Cultures Collide, Commingle in Russia


"What Russians find tolerable, as the proverb goes, is fatal to Germans," muses a German businessman in one of Ingo Schulze's "33 Moments of Happiness," a fantastic and fantastical collection of stories set in St. Petersburg.

Schulze, a Dresdener himself, spent half of 1993 in the city working as a newspaper editor and, if these tales are valid records, pushing his own Teutonic tolerance to the limit--although, in a preface to the stories, Schulze claims merely to be the editor.

The author is a German businessman named Hofmann, who, "along with having a passion for karaoke . . . was a lover of literature." And indeed, there are moments when we catch the author--whoever he is--lip-syncing to the giants of Russian literature: Bulgakov, Nabokov, Pushkin and Chekhov. And in homage to Dostoevsky, there's even a latter-day Alyosha Karamazov sitting at the feet of a dilapidated and degenerate Father Zossima in the ruins of communism and democracy known as the time of Yeltsin.

Modern times have brought to the St. Petersburg of "33 Moments of Happiness" a flavor of mistrust that wipes out literary memories of herring and black bread. The bathhouse, the sacred banya, becomes an abattoir where everything and everyone is edible. The dacha in the woods loses its Tolstoy fragrance, becoming a sound stage for "Peter and the Wolf" meets "The Shining." Bullet-riddled Wehrmacht helmets, remnants of a stunning defeat when the Germans were "caught in a pincer" between two Russian armies, earn more on the black market than relics from the time of Nicholas and Alexandra.

"The madness of the czars is the only culture they have," a German journalist reports, "but they manage to ruin even that." It's Schulze, this time, who has St. Petersburg caught in a pincer. All 33 of his stories squeeze the question of toleration to the limit. "What Russians find tolerable, as the proverb goes, is fatal to Germans." The question remains: Is this a Russian proverb or a German? Do we cite Gogol as the author of the saw?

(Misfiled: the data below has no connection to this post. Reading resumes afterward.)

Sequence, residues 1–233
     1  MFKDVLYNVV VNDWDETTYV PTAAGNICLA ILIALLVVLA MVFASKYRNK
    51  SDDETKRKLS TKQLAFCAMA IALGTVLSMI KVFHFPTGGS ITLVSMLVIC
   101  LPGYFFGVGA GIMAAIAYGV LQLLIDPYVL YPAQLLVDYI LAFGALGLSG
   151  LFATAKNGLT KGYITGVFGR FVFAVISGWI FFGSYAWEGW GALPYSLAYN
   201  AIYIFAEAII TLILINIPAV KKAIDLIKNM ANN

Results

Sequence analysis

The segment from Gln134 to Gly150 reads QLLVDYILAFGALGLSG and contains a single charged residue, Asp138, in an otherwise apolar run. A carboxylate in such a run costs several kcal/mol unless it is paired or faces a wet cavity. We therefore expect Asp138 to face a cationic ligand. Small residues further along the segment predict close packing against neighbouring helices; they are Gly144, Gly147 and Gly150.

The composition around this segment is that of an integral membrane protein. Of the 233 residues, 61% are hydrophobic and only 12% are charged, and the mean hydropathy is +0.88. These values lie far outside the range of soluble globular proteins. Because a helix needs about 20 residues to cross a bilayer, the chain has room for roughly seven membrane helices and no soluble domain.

Or rather, do we mark the fingerprints of the early 19th century German composer and writer E.T.A. Hoffmann, best known in the West today as the author of the story "The Nutcracker," but revered in Germany as the Stephen King, or better yet, the Garcia Marquez of his time. Hoffmann (the 19th century one with two Fs and not the purported author of "33 Moments of Happiness") was himself born in the pincer of an East Prussian city, variously called Konigsberg or Kaliningrad according to the whim of its conqueror. And Schulze, in this bravura performance, catches with precise discomfort the swift barometric changes that are the mark of Hoffmann.

One typical story is a wind-up fairy tale in which the spring goes suddenly, chillingly bust. Antonina Antonovna, a widow with three young daughters, has been driven into poverty by the fall of the communists. Arriving at her factory job one day, Antonina discovers that massive inflation has fumed her meager salary to sawdust. She faints, only to find herself in the arms of a young American, who, mirabile dictu, turns out to be the new director of the factory. He takes Antonina home and, in short order, marries her eldest daughter, Vera. Happy ending?

"When Vera died," the author tells us in his stunning Hoffmann twist, "Nick married her beautiful sister Annushka, and when Annushka died, Nick married the even more beautiful Tamara. Antonina Antonovna shed tears at each wedding."

This supremely confident debut of a young German writer ought to silence the jingo bells set off by the recent purchase of Random House by Bertelsmann. It is hardly appeasement to say that our pallid American bestseller realists can learn much from writers like Schulze, who remind us that the fantastical tradition of Hoffmann is alive and well, even if it repeats itself the second time as karaoke in Russia.

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